An article in the Victor Valley Daily Press recently highlighted that 11 January was significant for another reason in the Mojave Desert (for the other reason, read here). The San Bernardino County Board of Supervisors designated 11 January as the last day for the public to comment on the environmental impact statement for the proposed development of a sub-division in Fairview Valley, located within the Apple Valley sphere of influence but in area where humans are outnumbered by Jackrabbits.
View Fairview Valley in a larger map
The Strata Equity Group proposes building nearly 3,000 homes in the area over the next 20-25 years, which would severely burden city services, existing transportation infrastructure, and add noise and air pollution. The overall impact would be a dramatic shift for the way of life of current Fairview Valley residents, who cherish the seclusion and open vistas of the Mojave Desert on the fringes of the Victor Valley.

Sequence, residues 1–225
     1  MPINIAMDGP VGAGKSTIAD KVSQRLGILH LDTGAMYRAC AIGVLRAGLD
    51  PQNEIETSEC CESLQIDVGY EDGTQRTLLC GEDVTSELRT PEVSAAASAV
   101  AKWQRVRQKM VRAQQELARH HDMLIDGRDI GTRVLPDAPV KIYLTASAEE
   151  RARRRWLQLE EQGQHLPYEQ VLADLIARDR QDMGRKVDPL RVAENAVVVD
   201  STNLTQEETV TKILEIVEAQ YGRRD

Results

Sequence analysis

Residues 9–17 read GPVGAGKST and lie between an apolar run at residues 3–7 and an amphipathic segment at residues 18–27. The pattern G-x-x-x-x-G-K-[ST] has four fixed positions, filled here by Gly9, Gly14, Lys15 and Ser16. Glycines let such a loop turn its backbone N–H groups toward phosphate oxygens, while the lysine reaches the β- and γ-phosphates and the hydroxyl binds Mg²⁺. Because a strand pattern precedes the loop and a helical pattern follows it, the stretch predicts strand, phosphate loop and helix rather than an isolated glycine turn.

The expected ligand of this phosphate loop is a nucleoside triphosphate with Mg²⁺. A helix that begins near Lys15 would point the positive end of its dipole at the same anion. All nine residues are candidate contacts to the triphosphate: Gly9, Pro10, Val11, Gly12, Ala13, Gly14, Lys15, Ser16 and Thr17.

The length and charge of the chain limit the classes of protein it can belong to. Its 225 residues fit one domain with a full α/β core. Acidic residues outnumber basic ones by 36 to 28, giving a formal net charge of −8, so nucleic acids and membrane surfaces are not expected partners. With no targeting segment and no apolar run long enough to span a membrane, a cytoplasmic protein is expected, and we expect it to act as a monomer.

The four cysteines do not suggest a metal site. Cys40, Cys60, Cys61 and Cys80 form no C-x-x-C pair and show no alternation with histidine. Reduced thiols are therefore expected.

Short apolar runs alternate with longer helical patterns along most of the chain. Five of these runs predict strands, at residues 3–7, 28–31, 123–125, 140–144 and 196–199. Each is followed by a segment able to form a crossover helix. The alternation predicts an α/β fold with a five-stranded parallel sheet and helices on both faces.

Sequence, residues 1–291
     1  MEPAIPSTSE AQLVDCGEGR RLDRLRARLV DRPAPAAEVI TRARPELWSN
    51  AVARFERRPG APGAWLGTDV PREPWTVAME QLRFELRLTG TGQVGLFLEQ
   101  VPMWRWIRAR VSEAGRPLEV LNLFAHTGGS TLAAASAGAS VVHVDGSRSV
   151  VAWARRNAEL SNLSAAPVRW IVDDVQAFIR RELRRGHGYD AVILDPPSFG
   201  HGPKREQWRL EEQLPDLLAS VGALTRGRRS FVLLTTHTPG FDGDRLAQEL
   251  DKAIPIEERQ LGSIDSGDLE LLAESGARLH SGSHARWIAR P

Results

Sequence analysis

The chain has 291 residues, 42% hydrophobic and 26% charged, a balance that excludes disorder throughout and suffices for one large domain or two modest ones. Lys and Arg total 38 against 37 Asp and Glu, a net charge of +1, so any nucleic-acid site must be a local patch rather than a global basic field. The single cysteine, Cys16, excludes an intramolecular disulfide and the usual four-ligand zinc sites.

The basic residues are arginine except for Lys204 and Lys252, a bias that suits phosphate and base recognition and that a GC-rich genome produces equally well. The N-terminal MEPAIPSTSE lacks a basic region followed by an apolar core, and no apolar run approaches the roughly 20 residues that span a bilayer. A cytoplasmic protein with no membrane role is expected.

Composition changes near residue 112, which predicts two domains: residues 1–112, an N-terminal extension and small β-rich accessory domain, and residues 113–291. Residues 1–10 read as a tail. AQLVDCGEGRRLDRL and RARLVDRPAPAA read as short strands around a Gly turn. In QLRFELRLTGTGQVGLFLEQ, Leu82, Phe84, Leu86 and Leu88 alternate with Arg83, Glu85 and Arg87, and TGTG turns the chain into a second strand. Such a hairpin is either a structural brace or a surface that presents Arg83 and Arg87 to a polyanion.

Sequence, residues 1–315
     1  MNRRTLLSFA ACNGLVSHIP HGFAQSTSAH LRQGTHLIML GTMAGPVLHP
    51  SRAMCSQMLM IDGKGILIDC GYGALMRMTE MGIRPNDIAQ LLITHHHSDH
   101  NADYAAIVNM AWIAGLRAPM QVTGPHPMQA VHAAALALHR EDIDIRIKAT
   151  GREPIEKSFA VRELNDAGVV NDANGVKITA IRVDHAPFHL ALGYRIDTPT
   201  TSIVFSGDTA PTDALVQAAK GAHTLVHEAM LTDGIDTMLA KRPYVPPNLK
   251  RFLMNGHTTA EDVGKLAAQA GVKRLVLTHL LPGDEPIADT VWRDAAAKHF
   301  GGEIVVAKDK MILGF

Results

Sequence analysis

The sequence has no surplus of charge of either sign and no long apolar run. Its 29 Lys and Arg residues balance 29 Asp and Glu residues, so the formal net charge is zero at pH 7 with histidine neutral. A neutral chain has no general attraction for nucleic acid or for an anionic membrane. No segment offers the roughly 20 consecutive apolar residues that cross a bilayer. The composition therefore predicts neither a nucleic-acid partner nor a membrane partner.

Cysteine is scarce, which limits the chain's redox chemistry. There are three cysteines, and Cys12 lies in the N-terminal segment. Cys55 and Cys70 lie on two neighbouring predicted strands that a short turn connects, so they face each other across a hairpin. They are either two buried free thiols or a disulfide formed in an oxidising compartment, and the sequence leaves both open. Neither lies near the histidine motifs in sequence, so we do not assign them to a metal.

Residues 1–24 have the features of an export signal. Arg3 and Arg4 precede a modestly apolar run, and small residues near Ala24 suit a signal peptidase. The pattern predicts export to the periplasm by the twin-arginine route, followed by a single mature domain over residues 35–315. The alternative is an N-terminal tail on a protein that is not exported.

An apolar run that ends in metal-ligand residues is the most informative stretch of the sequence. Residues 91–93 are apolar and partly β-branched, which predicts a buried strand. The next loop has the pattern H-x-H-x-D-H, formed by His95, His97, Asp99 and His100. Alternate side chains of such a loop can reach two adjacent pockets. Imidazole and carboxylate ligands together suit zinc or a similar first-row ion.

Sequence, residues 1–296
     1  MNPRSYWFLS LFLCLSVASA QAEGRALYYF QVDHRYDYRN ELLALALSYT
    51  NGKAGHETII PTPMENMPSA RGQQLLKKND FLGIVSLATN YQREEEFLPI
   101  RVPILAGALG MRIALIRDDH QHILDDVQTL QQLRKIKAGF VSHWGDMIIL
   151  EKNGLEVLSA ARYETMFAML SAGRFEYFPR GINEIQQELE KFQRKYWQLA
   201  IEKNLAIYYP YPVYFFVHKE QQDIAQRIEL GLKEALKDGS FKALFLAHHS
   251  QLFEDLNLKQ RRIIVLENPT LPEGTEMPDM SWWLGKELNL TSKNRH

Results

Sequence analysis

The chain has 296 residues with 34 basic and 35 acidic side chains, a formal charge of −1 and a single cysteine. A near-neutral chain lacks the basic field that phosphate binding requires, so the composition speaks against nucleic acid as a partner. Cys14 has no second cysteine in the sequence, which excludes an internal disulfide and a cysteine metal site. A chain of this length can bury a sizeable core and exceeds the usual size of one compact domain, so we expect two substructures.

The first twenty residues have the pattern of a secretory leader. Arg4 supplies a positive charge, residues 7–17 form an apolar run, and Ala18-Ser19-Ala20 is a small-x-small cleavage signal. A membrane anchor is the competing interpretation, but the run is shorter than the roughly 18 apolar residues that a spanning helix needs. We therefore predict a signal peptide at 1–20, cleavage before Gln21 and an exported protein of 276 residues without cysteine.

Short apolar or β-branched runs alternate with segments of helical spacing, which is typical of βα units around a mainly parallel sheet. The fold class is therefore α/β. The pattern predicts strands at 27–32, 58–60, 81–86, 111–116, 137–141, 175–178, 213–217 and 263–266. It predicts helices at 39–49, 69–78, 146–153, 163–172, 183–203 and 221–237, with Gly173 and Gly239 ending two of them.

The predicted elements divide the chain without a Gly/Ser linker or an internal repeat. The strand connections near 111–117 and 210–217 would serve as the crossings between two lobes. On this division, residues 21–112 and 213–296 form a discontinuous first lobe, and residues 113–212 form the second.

Although this is partly an environmental impact question, the impact is also one of economics. given that thousands of additional residents on the outskirts of Apple Valley would bring thousands of cars, and hundreds of thousands of trips to the grocery store, movies, and doctor's office. This generally would sounds like a good thing for any community facing bad economic times. The problem is that such a development is ill-conceived and represents a potential pitfall for the County seeking quick revenue but forgetting to preserve the desert heritage that provides a hallmark character for the Victor Valley community. (sound familiar? Read about Victorville's expansion plans here.) Adding more residents on the perimeter of Apple Valley will force the County to invest more heavily in Country services, will place an extra burden on roads in the City of Apple Valley, increase demand for fire protection and law enforcement services, and sanitation. Perhaps the County and the developer should consider pushing this development closer to the city, where the roads and services are in better shape to handle the influx of residents.
Once again the vast expanse of the desert projects a mirage that invites wild dreams that neither the desert nor the dreamer can sustain.
If you'd like to keep track of the process, check out the San Bernardino County Land Use Services Department website and scroll down to the Hacienda project.